The Bible, David, Samson vs. natural selectionby John Brattain
July 20, 2007
It was only a matter of time.
And to his credit, he didn’t disappoint. In a comic book accident gone horribly awry, baseball’s sordid combination of Booster Gold and Bat-Mite is at it again. Yes, Marlins president David Samson has opened his mouth and stuck both Keds in.
For those of you who accuse me of having a personal vendetta against Samson, all I have to say is this: What was your first clue?
Anyway, just because I have it in for Nosmas Divad (maybe he’s a distant cousin to Mr. Mxyzptlk."—can’t hurt to try) doesn’t mean that he shouldn’t be called to account when he opens his mouth to inform Mr. Natural Selection that it's dinner time with baked shrimp as the appetizer, fried squab as the main course washed down with a Red Cap ale in a stubby and shortcake for dessert. Of course there will be after-dinner cocktails: 2 oz. gin, 3 oz. Midori® melon liqueur, 1 splash iced tea, 1 splash sweet and sour mix makes a lovely Midgetini.
All right, all right, I'll knock off the small talk and get to it. Geez ... try a little humor and slip in a tiny joke and folks get all PC.
After all, Mr. Samson appears to be an authority on jokes. For example:
Will Ichiro’s New Contract Ruin Baseball?" Samson opined:
"It'll take the sport down, that contract. Right back to the ridiculous contracts. It can't be … Well, sign Ichiro to a 20 million a year for five years it's a joke, it's inexcusable, it's complete mismanagement. It can't be true."
If you’re wondering why the Marlins' goodwill account is so deep into overdraft, well, there's the first exhibit.
The deal isn't a joke. The Mariners understand a few things that Samson does not. Ichiro is both an asset and investment for the Mariners; one that has, and will continue to pay, dividends to the organization. Leaving aside the strict market value of the deal, which U.S.S. Mariner thinks is a bargain, this is an investment at another level. It’s an investment for the fans.
In recent years, the M’s have had some spectacular, inner-circle Hall of Fame talent on their roster. One problem: They couldn’t hold on to it. Randy Johnson wanted to play closer to home in Arizona. Ken Griffey Jr. wished to return closer to his roots in Cincinnati. Alex Rodriguez simply wished to be the best paid player in the game"—something the Mariners were willing to make him, but not at the level requested.
In the immediate aftermath of these deals/trades there were some very hard feelings among the fan base. The fact that things turned out remarkably well over the long haul doesn’t really diminish the angst at the time caused by discovering that somebody you’ve invested a lot of emotional capital into didn’t reciprocate your feelings. As mentioned in an old Bootleg Sports column after Rodriguez’s first appearance at SafeCo Field after signing with the Texas Rangers: “Alex Rodriguez got all the bona fide respect from Seattle that he showed (Seattle). It’s hard to remember a torrid love affair fondly when you later find out your partner faked all their orgasms.”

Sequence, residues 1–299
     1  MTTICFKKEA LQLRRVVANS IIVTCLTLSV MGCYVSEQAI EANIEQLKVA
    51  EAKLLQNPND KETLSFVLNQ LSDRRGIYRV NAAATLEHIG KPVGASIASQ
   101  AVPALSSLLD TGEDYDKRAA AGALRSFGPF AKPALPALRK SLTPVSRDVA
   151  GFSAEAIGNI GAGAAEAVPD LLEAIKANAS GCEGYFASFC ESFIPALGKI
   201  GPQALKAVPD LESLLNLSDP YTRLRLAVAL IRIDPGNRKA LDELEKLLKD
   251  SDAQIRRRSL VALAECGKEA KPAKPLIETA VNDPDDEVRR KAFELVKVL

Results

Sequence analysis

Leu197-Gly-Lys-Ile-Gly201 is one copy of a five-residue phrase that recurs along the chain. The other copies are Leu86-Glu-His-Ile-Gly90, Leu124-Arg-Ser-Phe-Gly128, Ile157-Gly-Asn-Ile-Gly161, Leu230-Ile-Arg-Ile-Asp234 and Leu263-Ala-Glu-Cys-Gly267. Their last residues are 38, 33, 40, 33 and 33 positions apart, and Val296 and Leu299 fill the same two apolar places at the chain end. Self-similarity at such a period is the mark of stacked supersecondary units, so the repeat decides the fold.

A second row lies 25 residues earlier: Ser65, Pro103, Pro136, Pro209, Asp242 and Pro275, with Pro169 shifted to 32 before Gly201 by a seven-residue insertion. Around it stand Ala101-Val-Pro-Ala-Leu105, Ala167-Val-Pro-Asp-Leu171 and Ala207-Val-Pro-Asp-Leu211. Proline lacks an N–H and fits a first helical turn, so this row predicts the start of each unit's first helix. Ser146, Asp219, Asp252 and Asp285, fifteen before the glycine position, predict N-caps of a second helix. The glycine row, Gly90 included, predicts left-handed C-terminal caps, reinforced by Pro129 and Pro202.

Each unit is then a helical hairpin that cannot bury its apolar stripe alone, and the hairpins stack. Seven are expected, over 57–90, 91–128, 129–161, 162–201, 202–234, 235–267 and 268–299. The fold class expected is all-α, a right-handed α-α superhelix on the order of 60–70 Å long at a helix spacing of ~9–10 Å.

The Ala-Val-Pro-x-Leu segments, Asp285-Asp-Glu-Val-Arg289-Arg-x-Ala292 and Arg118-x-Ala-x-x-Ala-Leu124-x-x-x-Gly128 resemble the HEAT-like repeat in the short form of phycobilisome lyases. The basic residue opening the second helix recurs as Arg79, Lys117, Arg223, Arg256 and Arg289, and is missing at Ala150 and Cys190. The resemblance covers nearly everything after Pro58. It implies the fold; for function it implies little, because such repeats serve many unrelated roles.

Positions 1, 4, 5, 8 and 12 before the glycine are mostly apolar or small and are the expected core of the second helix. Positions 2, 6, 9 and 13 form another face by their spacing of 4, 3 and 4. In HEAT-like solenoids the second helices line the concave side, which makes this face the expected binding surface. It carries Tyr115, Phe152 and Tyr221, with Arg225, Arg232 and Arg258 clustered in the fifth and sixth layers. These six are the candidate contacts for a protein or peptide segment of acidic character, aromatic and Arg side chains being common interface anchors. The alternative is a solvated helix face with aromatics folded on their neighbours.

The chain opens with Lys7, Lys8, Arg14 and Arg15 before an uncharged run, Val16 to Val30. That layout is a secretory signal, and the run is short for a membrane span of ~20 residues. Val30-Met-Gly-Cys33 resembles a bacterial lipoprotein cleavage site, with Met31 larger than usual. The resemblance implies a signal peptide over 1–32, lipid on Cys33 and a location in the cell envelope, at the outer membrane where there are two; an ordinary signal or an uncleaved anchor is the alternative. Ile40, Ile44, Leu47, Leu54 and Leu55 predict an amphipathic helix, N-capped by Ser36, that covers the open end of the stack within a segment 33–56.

Mariner fans loved Edgar Martinez and he is now a Pacific Northwest baseball legend. Make no mistake, he was well-compensated for the privilege of becoming such. Now they have fallen in love with Ichiro. He could’ve tested free agency but he was amenable to the idea of giving up the hectic bidding for his services to stay in Seattle if he liked the numbers. Ichiro obviously had a level he was comfortable with but still could have an excellent chance of being exceeded in the free agent market.
Seattle met the number and Ichiro waived his free agency rights; Ichiro’s happy, the Mariner fan base is likewise and so is team ownership.
What more could anyone ask?
Maybe the financial resources could have been allocated more efficiently, but it was more than just a straight player signing—it was the front office’s way of saying: “We know how much you love this guy. So here he is!” Ichiro’s a tremendous player and the fan base knows that the front office will open the purse strings to make them happy when it's viable to do so.
That will pay off in ways not immediately obvious. It was a gesture of goodwill toward the fans. It might not add up in an accounting ledger over the years of the contract, but its effect will outlive the deal. It’s called investment—not mismanagement.
Mismanagement occurs when you bad-mouth your customers, run down your product and your place of business, try to extort money that rightfully belongs to the public to be used for schools, libraries, infrastructure and the like. It’s when you expect people making much less than you to unilaterally enrich you before you’ll give them the product they pay for. It’s when you lie to people living pay check to pay check to give you free money—claiming poverty while you live a life of affluence all the while threatening something they hold dear. Mismanagement occurs when you destroy an institution when you don’t get your way and then take your act on the road.